I already have a plan with several phones on it at $10/Extra line with unlimited texting and hundreds of shared minutes that are not completely used every month.

Clearly dropping a line and getting a GoPhone .10/minute plan with $0.25/Text is insanely expensive; each line easily sends 50 texts a month, possibly more, so that's an extra $13 to $20 a month.

The idea is to have a phone the existing SIM card can be swapped into without incurring an extra $10 or $20 a month in additional recurring costs.

Comment: Re:Oh, don't get all panicky and stuff (Score 2) 135

by mysidia (#49760129) Attached to: NSA-Reform Bill Fails In US Senate

An 'emergency order' will extend the rule until Congress comes back from a very well deserved vacation

Not likely. The executive does not have the authority to extend a law that congress decided to let lapse.

If congress does not take action to re-authorize, then the authorization is gone effective immediately at the date of expiration; not at the date it is most convenient for the NSA or others.

Comment: Re:What is it you want again? (Score 1) 311

by mysidia (#49758167) Attached to: Ask Slashdot: What's the Best Dumb Phone?

So, you want a dumb phone, but you want it to have smart phone features

I want something as close to a smart phone as possible that The phone company will not force me to get a data plan for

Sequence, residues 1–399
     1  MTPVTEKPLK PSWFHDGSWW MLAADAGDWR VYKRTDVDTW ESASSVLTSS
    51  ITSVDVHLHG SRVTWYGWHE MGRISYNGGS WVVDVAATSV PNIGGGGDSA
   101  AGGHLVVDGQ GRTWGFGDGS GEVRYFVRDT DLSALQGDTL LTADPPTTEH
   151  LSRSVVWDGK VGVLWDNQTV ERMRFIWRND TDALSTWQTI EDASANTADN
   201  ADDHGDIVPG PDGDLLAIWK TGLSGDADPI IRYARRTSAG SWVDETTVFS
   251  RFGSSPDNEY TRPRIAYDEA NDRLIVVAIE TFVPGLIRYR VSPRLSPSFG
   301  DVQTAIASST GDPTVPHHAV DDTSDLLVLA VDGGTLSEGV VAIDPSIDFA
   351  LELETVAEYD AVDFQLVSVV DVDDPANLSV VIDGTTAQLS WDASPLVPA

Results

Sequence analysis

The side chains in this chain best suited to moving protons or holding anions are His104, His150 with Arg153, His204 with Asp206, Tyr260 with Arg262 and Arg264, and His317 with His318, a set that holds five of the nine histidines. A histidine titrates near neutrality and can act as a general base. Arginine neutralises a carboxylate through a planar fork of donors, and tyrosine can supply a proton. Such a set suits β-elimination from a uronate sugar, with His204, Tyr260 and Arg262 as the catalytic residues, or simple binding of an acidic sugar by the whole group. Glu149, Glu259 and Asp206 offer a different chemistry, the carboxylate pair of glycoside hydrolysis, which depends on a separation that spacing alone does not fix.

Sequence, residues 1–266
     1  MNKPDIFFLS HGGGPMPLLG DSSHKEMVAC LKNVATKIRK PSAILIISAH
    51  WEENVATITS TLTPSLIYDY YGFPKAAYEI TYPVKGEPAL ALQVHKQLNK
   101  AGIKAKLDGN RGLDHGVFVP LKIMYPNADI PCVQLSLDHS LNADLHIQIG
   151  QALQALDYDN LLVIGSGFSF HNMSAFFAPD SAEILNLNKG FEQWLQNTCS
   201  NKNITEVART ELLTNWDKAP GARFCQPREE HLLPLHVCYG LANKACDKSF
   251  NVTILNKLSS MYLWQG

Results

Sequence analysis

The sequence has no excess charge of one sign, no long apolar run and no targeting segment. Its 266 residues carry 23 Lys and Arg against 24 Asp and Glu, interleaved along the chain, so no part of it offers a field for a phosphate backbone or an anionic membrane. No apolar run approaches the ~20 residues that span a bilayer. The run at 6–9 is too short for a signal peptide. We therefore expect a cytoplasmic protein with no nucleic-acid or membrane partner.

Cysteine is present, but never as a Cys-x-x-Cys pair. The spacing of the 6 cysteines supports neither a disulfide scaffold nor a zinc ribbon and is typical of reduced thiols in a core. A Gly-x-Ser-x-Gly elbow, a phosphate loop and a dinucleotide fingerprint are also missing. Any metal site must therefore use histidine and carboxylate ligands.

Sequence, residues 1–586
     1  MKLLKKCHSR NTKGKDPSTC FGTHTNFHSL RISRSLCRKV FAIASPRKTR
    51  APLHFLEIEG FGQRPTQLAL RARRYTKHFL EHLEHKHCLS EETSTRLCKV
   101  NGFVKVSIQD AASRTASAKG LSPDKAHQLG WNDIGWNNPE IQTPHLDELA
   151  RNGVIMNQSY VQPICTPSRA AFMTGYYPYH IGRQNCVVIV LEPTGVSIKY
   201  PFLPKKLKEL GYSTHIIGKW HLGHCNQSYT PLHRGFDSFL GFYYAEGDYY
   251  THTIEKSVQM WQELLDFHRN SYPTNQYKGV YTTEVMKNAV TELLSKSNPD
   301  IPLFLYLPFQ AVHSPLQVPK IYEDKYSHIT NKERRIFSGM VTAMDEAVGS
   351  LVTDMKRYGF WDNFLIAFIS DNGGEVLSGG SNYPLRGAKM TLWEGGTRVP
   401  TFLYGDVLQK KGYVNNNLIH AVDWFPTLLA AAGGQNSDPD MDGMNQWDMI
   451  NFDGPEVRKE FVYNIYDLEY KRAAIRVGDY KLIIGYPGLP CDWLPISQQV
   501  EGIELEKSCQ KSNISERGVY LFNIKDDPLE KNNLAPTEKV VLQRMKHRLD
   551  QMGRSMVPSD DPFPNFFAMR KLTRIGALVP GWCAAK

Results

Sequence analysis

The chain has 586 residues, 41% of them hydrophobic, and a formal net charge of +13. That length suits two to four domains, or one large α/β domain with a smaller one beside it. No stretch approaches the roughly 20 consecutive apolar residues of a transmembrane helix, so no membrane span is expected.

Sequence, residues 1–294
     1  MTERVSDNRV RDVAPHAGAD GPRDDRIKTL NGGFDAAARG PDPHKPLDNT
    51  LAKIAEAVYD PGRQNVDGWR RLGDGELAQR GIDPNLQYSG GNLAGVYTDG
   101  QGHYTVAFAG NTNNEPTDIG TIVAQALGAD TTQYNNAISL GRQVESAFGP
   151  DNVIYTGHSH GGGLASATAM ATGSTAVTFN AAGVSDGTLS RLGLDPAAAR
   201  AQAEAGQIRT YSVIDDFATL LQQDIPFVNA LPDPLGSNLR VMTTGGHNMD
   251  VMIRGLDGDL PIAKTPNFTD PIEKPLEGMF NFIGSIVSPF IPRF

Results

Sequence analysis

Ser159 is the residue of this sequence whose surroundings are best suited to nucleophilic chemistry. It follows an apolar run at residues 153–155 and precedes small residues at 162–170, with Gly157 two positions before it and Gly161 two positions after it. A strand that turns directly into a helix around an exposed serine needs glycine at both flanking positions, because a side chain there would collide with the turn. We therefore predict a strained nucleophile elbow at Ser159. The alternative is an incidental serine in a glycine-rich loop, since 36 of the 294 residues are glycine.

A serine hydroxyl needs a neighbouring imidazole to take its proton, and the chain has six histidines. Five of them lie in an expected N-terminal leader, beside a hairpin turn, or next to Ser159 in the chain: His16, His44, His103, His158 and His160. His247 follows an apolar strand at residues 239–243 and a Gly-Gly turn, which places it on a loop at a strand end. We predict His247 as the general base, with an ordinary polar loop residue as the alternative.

ATT, Verizon, and others have a policy that you cannot use certain phones on their network without a data plan. They will automatically upgrade you to a data plan, even if you would rather use your phone with WiFi.

I want the phone with the most features as possible that you can use without a data plan.

Frankly, I would like an Android device with no non-Wifi data functionality, that the phone companies would classify as a dumb phone.

Comment: Re:Any materialized predictions? (Re:Sudden?) (Score 1) 267

by mysidia (#49757863) Attached to: ESA Satellite Shows Sudden Ice Loss In Southern Antarctic Peninsula

My prediction would be the debates over whether human-caused climate change exists and is important or impactful w/acceptance of a need to change will still be ongoing for 15 years at least, with no major predictions accepted as valid or invalid by the opposing parties, because there are very strong economic, political, and commercial/personal brand interests by many people, and especially powerful people with deep pockets in the outcome of this debate on both sides, And politics tends to always trump science, logic, and rational action, at least for the short term.

See James Hansen's paper on Climate Impact of Increasing Atmospheric CO2: http://www.sciencemag.org/cont...

Comment: Re:As usual... (Score 1) 377

by mysidia (#49753393) Attached to: Student Photographer Threatened With Suspension For Sports Photos